Thursday, July 23, 2015

would insurance pay if Transport of Persons Other Than the Beneficiary in ambulance?

Transport of Persons Other Than the Beneficiary

No payment may be made for the transport of ambulance staff or other personnel when the beneficiary is not onboard the ambulance (e.g., an ambulance transport to pick up a specialty care unit from one hospital to provide services to a beneficiary at another hospital). This policy applies to both ground and air ambulance transports.

Effect of Beneficiary Death on Medicare Payment for Ground
Ambulance Transports
Because the Medicare ambulance benefit is a transport benefit, if no transport of a Medicare beneficiary occurs, then there is no Medicare-covered service. In general, if the beneficiary dies before being transported, then no Medicare payment may be made.

Thus, in a situation where the beneficiary dies, whether any payment under the Medicare ambulance benefit may be made depends on the time at which the beneficiary is pronounced dead by an individual authorized by the State to make such pronouncements.

The chart below shows the Medicare payment determination for various ground ambulance scenarios in which the beneficiary dies. In each case, the assumption is that the ambulance transport would have otherwise been medically necessary.

Ground Ambulance Scenarios: Beneficiary Death
Time of Death Pronouncement Medicare Payment Determination
Before dispatch. None.
After dispatch, before beneficiary is
loaded onboard ambulance (before
or after arrival at the point-ofpickup).
The provider’s/supplier’s BLS base rate, no
mileage or rural adjustment; use the QL
modifier when submitting the claim.
After pickup, prior to or upon arrival
at the receiving facility.
Medically necessary level of service furnished.

The Destination
An ambulance transport is covered to the nearest appropriate facility to obtain necessary diagnostic and/or therapeutic services (such as a CT scan or cobalt therapy) as well as the return transport. In addition to all other coverage requirements, this transport situation is covered only to the extent of the payment that would be made for bringing the service to the patient.

Medicare covers ambulance transports (that meet all other program requirements for
coverage) only to the following destinations:
• Hospital;
• Critical Access Hospital (CAH);
• Skilled Nursing Facility (SNF);
• Beneficiary’s home;
• Dialysis facility for ESRD patient who requires dialysis; or
• A physician’s office is not a covered destination. However, under special
circumstances an ambulance transport may temporarily stop at a physician’s
office without affecting the coverage status of the transport.

As a general rule, only local transportation by ambulance is covered, and therefore, only mileage to the nearest appropriate facility equipped to treat the patient is covered. However, if two or more facilities that meet the destination requirements can treat the patient appropriately and the locality of each facility encompasses the place where the ambulance transportation of the patient began, then the full mileage to any one of the facilities to which the beneficiary is taken is covered. Because all duly licensed hospitals and SNFs are presumed to be appropriate sources of health care, only in exceptional situations where the ambulance transportation originates beyond the locality of the institution to which the beneficiary was transported, may full payment for mileage be considered. And then, only if the evidence clearly establishes that the destination institution was the nearest one with appropriate facilities under the particular circumstances. The institution to which a patient is transported need not be a participating institution but must meet at least the requirements of the Social Security Act (the Act.).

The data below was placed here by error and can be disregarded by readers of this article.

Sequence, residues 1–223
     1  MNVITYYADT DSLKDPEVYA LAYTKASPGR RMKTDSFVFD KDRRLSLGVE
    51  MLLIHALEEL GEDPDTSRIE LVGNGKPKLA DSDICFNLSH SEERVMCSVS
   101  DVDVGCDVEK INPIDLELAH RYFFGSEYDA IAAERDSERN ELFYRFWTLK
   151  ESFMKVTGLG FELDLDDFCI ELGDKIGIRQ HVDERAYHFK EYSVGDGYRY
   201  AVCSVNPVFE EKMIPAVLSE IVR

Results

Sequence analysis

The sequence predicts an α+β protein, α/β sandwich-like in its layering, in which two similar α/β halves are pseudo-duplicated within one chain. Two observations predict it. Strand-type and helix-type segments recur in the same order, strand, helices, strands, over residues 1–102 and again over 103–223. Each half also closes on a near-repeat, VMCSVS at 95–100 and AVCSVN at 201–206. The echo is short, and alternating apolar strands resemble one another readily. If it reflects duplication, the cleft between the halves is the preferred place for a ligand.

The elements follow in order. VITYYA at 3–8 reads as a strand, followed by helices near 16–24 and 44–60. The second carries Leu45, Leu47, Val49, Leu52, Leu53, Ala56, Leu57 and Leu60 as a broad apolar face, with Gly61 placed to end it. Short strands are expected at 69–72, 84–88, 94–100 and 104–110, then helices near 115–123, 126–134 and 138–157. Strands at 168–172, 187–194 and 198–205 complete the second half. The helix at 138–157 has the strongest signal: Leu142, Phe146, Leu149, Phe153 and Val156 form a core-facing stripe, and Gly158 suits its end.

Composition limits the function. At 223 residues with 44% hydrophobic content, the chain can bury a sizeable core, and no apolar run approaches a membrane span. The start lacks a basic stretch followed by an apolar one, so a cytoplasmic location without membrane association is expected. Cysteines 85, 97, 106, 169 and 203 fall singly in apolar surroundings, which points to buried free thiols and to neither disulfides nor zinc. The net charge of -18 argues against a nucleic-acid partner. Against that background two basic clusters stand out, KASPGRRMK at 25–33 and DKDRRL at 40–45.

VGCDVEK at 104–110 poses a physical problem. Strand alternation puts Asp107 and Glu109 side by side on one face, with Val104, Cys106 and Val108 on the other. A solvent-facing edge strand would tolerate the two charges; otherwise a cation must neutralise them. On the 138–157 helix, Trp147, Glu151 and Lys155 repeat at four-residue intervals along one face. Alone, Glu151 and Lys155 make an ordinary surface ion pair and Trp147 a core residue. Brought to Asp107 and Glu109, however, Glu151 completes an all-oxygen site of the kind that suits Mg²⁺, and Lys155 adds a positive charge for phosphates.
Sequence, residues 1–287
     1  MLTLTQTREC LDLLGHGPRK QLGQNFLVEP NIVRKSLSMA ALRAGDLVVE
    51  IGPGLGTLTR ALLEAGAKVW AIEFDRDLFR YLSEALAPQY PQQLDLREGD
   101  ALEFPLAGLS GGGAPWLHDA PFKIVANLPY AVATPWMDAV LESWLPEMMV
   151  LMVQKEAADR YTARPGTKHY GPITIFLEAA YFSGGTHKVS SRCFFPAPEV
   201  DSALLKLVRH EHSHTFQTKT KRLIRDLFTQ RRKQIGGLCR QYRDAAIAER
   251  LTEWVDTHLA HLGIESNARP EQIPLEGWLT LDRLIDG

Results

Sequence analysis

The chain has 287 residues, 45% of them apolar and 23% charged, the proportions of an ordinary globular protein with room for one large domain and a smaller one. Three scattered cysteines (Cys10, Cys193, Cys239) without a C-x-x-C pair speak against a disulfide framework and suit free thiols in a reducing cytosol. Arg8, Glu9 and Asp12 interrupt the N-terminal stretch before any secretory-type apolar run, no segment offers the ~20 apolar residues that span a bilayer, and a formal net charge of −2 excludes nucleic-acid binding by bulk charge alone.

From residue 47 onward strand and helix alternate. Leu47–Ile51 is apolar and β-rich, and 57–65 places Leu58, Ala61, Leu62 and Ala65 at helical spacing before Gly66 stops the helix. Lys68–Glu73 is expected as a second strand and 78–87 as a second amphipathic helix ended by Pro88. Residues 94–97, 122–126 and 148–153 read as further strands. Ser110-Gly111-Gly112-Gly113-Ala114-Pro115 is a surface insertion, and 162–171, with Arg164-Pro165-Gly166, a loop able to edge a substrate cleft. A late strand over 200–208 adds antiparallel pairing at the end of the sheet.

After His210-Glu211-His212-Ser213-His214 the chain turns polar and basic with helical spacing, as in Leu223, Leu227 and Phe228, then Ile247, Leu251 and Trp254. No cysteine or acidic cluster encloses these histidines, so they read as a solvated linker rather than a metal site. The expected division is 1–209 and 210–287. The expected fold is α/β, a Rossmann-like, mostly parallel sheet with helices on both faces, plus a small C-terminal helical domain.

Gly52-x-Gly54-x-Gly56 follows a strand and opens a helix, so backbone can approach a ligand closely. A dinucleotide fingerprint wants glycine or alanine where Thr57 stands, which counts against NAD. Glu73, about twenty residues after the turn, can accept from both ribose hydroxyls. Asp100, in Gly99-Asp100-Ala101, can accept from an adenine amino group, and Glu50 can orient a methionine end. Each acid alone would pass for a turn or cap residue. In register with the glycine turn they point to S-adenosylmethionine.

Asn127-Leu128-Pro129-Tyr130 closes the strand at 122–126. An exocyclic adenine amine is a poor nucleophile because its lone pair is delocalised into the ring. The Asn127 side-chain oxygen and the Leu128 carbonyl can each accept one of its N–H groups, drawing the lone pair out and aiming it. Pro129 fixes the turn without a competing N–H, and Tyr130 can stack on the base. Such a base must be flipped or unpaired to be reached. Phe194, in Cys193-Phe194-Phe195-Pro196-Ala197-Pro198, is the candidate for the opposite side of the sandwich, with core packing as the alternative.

Institution to Beneficiary’s Home
Ambulance service from an institution to the beneficiary’s home is covered when the home is within the locality of such institution or where the beneficiary’s home is outside of the locality of such institution but the institution, in relation to the home, is the nearest one with appropriate facilities.

Institution to Institution

Occasionally, the institution to which the patient is initially taken is found to have inadequate or unavailable facilities to provide the required care, and the patient is then transported to a second institution having appropriate facilities. In such cases, transportation by ambulance to both institutions would be covered to the extent of the mileage to be the nearest institution with appropriate facilities. Responsibility for payment would follow the rules in § 10.3.3. In these cases, transportation from such second institution to the patient's home could be covered if the home is within the locality served by that institution, or the locality served by the first institution to which the patient was taken.

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